Children and Seniors Poised forPassport Exemption

There are movements afloat to change passport requirements for both youths and seniors. The Student and Youth Travel Association (SYTA) announced strong support Wednesday for the U.S. Department of Homeland Security (DHS)'s recent proposal to change the Western Hemisphere Travel Initiative (WHTI) to eliminate the need for passports under certain conditions for young travelers re-entering the U.S. at land and sea borders after 2008.

The DHS proposal would allow U.S. and Canadian citizens ages 15 and under, with parental consent, to enter the U.S. at land and sea ports with a certified copy of their birth certificate as an alternative to a passport; the same rules would apply to those ages 16 through 18 when traveling as part of a school group or other social, cultural or athletic organization. Air travel requirements would remain unchanged.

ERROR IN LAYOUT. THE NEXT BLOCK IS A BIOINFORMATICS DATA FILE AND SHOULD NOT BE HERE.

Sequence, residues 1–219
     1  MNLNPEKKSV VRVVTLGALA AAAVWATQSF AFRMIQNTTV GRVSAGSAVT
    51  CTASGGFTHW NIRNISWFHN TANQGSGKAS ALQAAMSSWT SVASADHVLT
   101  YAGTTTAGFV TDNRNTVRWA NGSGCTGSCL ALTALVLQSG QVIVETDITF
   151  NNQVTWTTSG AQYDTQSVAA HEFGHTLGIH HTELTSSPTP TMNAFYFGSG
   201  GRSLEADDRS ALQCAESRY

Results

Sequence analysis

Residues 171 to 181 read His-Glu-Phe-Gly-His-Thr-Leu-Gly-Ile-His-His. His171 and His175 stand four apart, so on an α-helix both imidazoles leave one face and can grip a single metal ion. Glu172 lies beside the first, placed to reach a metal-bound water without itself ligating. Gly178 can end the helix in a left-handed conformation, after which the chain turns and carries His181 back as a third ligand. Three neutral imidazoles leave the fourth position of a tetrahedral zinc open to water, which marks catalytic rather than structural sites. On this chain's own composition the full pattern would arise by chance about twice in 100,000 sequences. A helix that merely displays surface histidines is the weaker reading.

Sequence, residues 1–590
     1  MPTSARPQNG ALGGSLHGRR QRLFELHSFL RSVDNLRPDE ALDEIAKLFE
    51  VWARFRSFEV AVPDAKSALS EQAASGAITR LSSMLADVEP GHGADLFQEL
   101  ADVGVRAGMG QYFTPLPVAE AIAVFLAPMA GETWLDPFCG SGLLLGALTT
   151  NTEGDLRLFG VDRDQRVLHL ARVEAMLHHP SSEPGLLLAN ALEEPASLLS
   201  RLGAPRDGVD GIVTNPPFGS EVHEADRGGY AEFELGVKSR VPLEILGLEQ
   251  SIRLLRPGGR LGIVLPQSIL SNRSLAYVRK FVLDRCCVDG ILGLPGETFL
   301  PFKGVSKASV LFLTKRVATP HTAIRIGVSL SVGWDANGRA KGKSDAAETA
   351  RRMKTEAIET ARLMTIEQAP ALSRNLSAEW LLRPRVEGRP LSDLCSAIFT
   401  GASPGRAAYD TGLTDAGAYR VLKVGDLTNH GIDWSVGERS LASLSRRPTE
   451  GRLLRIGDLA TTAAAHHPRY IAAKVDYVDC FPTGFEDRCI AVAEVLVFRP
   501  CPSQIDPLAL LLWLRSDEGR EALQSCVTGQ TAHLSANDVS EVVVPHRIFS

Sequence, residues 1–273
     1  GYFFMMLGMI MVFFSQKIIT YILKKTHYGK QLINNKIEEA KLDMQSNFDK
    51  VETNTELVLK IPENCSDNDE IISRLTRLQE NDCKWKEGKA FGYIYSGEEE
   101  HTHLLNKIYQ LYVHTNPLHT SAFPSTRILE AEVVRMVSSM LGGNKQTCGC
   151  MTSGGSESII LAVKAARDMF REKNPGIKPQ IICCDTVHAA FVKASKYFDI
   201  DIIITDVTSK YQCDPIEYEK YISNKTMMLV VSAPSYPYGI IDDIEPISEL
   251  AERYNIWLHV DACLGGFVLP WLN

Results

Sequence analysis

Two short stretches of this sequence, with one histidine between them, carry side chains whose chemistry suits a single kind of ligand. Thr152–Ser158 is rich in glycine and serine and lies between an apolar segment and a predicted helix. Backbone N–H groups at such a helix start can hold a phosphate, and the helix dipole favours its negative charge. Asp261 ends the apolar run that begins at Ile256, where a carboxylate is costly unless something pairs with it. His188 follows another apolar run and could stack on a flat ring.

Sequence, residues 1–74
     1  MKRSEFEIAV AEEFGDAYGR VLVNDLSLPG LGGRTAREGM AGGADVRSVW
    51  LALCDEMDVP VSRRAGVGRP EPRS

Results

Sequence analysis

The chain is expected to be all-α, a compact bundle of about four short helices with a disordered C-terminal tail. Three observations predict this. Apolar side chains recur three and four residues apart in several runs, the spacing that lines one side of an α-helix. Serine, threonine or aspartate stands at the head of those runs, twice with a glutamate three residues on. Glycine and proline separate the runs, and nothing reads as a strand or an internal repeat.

For its part, the National Tour Association (NTA) issued a statement saying senior citizens should also be exempted, and in addition, claimed it has long supported legislation that would lower passport fees for students and seniors. There seems to be some support for this: "I think some of the very same reasons that would have motivated the exemption of children could apply to seniors," Ontario Premier Dalton McGuinty was recently quoted as saying.

Suggested Articles:

New Jersey is the latest state to introduce legislation to implement a rigid version of the so-called "ABC test." Here's the latest.

For the first time since Allianz Global Assistance began tracking in 2015, the Dominican Republic is the number one Thanksgiving travel destination.

Advisors had the chance to attend Viking Cruises’ Executive Retreat and Travel Corporation’s Family Day. Take a look.